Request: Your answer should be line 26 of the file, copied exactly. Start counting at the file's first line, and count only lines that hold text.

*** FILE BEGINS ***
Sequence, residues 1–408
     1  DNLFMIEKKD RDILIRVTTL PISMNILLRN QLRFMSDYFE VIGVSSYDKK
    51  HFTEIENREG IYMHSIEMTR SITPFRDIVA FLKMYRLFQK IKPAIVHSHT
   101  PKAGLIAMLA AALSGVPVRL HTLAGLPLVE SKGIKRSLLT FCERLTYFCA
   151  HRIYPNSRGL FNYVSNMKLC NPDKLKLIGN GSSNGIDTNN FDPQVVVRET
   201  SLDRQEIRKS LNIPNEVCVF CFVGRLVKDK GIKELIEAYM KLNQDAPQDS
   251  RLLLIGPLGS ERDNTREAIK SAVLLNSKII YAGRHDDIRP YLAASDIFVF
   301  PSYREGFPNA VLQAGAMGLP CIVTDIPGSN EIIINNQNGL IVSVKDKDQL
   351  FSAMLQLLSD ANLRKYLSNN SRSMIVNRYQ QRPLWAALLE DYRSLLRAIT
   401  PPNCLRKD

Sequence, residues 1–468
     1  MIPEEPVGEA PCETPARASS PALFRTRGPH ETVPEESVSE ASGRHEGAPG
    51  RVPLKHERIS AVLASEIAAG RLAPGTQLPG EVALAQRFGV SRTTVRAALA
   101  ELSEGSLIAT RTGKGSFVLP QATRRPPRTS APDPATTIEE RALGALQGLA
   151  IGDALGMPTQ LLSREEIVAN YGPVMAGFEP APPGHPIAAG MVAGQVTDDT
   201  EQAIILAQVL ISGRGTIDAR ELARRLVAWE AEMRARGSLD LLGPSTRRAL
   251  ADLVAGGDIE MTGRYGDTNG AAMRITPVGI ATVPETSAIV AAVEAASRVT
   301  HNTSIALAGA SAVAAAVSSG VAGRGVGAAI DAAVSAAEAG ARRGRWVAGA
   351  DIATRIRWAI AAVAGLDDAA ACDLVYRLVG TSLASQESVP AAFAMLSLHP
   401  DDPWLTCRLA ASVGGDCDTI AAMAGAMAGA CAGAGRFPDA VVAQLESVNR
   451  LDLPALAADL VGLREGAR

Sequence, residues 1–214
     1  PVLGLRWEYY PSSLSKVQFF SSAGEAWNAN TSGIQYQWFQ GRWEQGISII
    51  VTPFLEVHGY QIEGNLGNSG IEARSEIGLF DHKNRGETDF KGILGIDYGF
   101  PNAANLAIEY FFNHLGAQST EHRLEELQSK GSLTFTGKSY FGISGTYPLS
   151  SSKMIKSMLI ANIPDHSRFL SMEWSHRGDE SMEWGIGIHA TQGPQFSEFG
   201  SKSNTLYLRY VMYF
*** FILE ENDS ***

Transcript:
   151  SSKMIKSMLI ANIPDHSRFL SMEWSHRGDE SMEWGIGIHA TQGPQFSEFG